Designed by Chicago-based artist Theaster Gates, the Serpentine Pavilion 2022 Black Chapel draws inspiration from many of the architectural typologies that ground the artist’s practice.The structure, realised with the support of Adjaye Associates, references the bottle kilns of Stoke-on-Trent, the beehive kilns of the Western United States, San Pietro and the Roman tempiettos, and traditional African structures, such as the Musgum mud huts of Cameroon, and the Kasubi Tombs of Kampala, Uganda. The Pavilion’s circularity and volume echo the sacred forms of Hungarian round churches and the ring shouts, voodoo circles and roda de capoeira witnessed in the sacred practices of the African diaspora.

Black Chapel is a site for contemplation and convening, set within the grounds of Serpentine in Kensington Gardens. The structure’s central oculus emanates a single source of light to create a sanctuary for reflection, refuge and conviviality. The project mirrors the artist’s ongoing engagement with ‘the vessel’ in his studio practice, and with space-making through his celebrated urban regeneration projects.

Drawn to the meditative environment of the Rothko Chapel – which holds fourteen paintings by American artist Mark Rothko in Houston, Texas – Gates has produced a series of new tar paintings specially for Black Chapel. Creating a space that reflects the artist’s hand and sensibilities, seven paintings hang from the interior. In these works, Gates honours his father’s craft as a roofer by using roofing strategies including torch down, a method which requires an open flame to heat material and affix it to a surface.

Theaster Gates: The Question of Clay

Gates’s Serpentine Pavilion 2022 Black Chapel is part of The Question of Clay, a multi-institution project by Theaster Gates taking place in 2021-22 across the Whitechapel Gallery, Serpentine and V&A. The project seeks to investigate the making, labour and production of clay as well as its collecting history, through exhibitions, performance and live interventions with the aim of generating new knowledge, meaning and connections about the material.

Black Vessel
Theaster Gates
Gagosian Gallery

Theaster Gates

A mix of black culture and legacy and the artist’s own practice, he is represented  by the prestigious global Gagosian Gallery. Gates’s first solo exhibition Black Vessel took place in New York at Gagosian, 555 West 24th Street from October 10, 2020- January 23, 2021

I always find myself returning to the vessel. It is part of the intellectual life force of my practice and it precedes all other forms of making.
—Theaster Gates

Gates’s oeuvre is among the most conceptually and materially rich in contemporary art, anchored equally in the canons of art history, the racial ideology of the Black diaspora, and the artist’s own personal history. Through an art practice predicated on cultural reclamation and social empowerment, Gates exchanges and recharges objects and ideas, proposing the artwork as a communicating vessel or sacred reliquary of recollected histories, critical vitality, and shared experience. Traversing a broad range of formal approaches such as painting, sculpture, sound, and performance, as well as the processes of salvaging, archiving, and place making, he delivers penetrating social commentary on labor, material, spiritual capital, and commodity within a close examination of the urban condition.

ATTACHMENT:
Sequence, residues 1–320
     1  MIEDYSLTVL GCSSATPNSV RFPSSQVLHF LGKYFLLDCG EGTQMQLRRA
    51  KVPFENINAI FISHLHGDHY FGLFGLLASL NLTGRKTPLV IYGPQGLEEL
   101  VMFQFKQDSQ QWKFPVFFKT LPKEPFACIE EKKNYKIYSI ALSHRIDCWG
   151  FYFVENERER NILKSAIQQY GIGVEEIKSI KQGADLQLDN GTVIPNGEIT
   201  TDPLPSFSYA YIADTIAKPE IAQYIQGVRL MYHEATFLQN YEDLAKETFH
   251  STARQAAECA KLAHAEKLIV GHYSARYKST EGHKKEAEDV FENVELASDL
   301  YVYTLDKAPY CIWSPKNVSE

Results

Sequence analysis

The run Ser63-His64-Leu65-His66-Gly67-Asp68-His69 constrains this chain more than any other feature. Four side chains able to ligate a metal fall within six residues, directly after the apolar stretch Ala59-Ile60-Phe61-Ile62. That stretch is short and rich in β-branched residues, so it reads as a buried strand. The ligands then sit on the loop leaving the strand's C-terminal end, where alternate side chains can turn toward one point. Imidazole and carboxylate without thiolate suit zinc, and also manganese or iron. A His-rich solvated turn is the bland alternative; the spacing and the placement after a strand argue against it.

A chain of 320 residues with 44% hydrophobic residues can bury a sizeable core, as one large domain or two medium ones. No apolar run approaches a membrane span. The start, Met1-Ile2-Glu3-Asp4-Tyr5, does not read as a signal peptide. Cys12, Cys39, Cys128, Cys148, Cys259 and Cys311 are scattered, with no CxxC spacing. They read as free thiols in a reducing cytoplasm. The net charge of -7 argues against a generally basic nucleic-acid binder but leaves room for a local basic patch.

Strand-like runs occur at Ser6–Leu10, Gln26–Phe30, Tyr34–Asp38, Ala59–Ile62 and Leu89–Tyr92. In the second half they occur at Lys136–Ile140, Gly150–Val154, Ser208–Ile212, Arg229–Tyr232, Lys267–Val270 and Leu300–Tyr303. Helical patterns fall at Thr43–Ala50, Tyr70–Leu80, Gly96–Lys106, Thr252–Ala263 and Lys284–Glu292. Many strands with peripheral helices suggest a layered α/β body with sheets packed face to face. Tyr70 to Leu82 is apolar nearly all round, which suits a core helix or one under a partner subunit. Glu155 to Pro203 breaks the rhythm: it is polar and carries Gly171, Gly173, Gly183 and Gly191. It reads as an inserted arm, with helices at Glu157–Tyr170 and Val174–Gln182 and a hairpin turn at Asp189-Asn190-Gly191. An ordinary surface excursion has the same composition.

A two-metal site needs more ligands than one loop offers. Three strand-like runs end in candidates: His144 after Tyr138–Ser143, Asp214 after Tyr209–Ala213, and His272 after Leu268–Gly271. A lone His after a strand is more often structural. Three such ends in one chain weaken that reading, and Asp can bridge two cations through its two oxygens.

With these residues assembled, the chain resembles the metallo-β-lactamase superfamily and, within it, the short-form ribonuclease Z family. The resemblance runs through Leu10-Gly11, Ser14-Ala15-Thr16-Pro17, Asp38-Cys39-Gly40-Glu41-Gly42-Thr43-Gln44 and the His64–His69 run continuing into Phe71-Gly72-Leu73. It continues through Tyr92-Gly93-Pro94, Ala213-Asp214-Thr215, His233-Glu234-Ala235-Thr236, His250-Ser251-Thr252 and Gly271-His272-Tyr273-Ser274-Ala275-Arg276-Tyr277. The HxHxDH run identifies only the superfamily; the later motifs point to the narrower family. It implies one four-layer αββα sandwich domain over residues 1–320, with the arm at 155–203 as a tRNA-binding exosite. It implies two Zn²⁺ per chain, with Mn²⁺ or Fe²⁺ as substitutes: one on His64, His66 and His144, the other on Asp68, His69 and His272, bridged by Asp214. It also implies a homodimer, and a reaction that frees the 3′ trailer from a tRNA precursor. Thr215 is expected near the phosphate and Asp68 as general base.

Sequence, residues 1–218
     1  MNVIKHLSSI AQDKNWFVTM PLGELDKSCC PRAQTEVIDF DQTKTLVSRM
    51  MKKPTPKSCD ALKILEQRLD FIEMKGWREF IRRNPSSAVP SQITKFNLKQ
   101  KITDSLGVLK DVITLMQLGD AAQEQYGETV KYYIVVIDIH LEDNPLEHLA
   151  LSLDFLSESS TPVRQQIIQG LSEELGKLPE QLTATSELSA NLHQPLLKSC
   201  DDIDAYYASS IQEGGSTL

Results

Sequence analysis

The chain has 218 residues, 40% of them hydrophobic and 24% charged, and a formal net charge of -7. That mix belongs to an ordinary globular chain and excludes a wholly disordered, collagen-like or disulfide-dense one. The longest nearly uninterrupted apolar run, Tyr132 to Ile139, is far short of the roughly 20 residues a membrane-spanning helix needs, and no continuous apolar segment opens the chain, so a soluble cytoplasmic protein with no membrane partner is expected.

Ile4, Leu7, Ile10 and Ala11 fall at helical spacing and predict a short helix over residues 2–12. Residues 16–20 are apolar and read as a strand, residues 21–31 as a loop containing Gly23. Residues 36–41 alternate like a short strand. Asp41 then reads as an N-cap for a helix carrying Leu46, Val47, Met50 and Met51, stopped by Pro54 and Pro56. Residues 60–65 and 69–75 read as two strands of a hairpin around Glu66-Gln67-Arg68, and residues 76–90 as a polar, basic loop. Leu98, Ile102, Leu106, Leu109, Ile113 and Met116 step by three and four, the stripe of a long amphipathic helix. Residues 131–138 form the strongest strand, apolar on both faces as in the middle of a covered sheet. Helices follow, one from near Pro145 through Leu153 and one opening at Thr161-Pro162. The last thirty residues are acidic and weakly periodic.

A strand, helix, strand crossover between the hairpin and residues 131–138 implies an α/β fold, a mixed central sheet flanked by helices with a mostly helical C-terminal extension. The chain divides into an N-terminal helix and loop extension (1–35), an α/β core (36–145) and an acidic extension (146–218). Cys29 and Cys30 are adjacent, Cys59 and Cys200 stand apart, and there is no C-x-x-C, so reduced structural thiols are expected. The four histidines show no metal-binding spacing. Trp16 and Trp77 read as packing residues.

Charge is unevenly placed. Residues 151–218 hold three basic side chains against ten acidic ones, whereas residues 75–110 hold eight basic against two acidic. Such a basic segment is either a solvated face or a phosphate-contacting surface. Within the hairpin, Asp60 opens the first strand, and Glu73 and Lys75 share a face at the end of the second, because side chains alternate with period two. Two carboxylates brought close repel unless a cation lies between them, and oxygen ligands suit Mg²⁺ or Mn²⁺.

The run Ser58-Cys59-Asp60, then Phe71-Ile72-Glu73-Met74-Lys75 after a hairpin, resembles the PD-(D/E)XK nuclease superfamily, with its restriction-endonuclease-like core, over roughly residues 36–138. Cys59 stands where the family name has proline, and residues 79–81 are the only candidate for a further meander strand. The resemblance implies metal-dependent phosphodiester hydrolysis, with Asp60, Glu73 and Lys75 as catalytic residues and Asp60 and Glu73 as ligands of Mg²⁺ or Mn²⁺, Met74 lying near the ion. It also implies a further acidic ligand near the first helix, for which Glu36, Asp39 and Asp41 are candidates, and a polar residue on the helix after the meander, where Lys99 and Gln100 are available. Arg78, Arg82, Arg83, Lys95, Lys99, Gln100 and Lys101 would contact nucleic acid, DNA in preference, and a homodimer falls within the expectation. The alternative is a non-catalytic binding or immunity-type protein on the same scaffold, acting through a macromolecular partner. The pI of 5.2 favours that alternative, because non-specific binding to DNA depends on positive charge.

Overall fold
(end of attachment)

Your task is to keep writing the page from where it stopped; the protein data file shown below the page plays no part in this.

Grief and Grievance
Whitney Museum of American Art, New York

The Brick Reliquaries (2020) are Gates’s latest sculptural experiments. By firing bricks with a strong manganese content to an excessive 2300°F, the known properties of the materials are transformed into the mysteries of heat-based sculpture. In some instances, the material loses its specificity when pushed to such limits; in others, the carbide shelves inside the kiln fuse with the bricks and other sculptural elements that rest on them, becoming host to material transformation.


From February through July, this exhibit coincided with an outstanding exhibit at the the New Museum  “Grief and Grievance: Art and Mourning in America,”  originally conceived by Okwui Enwezor (1963-2019) for the New Museum, and presented with curatorial support from advisors Naomi Beckwith, Massimiliano Gioni, Glenn Ligon, and Mark Nash. “Grief and Grievance” was intended to be an intergenerational exhibition, bringing together thirty-seven artists working in a variety of mediums who have addressed the concept of mourning, commemoration, and loss as a direct response to the national emergency of racist violence experienced by Black communities across America. The exhibition  further considers the intertwined phenomena of Black grief and a politically orchestrated white grievance, as each structures and defines contemporary American social and political life. “Grief and Grievance” includes works encompassing video, painting, sculpture, installation, photography, sound, and performance made in the last decade, along with several key historical works and a series of new commissions created in response to the concept of the exhibition.

Grieve and Grievance